Above: Zoomorphic Initial (detail) and Initial P (detail), From the Corbie Psalter, Corbie, France, early 9th century. Bibliothèques d’Amiens Métropole, MS 18C
One point I have stressed in both the exhibition and its accompanying catalogue is the intimate relationship that existed in the Middle Ages between drawing and the written word. Few works better illustrate this point than the Corbie Psalter, created around 800. This endlessly fascinating book contains both the Psalms and the Canticles (the songs in the Bible that are not Psalms). Its illustrations consist entirely of remarkably inventive initials for the first letter of the first word of each text.
In many cases, we understand the artists and the scribes of a medieval book to have had separate tasks: the scribe wrote the text on the ruled lines of the page, leaving space for an illustration to be added by the artist. In the Corbie Psalter, however, the scribes were also the artists, and they drew as they wrote. The illustrations clearly arose from their consideration of the text, and the text is laid down on the page in consideration of the illustration.
How can we tell from the existing book that the scribes-artists worked in this manner? Have a look at the initial for Psalm 123. The text, in Latin, begins “Nisi quia dominus erat in nobis. . .” (”If it had not been that the Lord was with us. . .”). The artist clearly created the letter “N” first, using two hounds and a bird, and then adjusted the rest of the phrase to the initial’s contours. Note how the paw of one of the intertwined hounds carefully perches on the “in” of the first full line of text and the way in which the “d” of “dominus” actually ascends right into the illustration. In order to achieve this, the artist must have created the image before writing in the text.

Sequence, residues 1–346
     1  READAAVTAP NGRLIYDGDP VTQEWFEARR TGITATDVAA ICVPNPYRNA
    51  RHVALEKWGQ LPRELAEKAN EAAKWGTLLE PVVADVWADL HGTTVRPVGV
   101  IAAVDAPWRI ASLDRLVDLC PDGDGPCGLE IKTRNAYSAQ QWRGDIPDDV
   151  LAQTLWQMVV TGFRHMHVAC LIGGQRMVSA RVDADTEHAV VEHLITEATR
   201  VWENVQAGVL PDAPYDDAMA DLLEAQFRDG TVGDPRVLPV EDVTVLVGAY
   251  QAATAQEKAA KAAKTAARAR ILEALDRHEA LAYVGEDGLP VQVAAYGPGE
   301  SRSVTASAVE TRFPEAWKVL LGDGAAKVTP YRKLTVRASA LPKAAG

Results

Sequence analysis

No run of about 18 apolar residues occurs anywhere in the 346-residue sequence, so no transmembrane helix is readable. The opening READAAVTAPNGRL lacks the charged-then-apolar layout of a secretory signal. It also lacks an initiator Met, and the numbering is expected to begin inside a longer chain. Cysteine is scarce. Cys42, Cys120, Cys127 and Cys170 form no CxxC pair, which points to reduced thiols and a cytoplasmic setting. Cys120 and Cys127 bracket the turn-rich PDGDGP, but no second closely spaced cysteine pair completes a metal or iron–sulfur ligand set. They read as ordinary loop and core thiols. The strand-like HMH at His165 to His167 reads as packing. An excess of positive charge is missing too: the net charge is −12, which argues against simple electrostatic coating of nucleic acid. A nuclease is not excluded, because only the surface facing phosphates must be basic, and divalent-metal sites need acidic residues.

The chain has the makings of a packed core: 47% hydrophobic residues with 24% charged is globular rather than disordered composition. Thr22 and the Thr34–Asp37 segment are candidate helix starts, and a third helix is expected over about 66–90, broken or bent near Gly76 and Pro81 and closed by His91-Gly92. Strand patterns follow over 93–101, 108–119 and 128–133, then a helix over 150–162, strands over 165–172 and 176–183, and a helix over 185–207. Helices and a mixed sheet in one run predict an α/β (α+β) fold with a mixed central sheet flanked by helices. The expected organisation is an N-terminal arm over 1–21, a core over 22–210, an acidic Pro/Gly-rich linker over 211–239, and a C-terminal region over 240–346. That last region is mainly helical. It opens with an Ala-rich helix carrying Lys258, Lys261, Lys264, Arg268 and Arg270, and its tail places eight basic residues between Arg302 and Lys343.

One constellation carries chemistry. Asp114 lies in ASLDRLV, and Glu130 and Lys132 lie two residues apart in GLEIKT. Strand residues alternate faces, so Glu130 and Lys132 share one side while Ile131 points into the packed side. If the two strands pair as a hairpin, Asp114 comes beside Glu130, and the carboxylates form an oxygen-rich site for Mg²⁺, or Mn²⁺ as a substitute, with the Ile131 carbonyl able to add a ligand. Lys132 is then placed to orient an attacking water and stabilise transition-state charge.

While the artist who illustrated Psalm 123 chose a zoomorphic, or animal-shaped, initial, in other cases the drawing was meant to enhance the readers’ experience or understanding of the text. The illustration for one psalm tells the story of young David’s defeat of the giant Goliath. Little David, with his slingshot full of stones, rests inside the circle of the “P” of the word “Pusillus” (”small”), while the mighty Goliath forms the letter’s long stem. The rest of the text then continues alongside the letter. The psalm and its illustration are thus marvelously integrated. Here again, writing and drawing are a seamless enterprise, with each informing the other.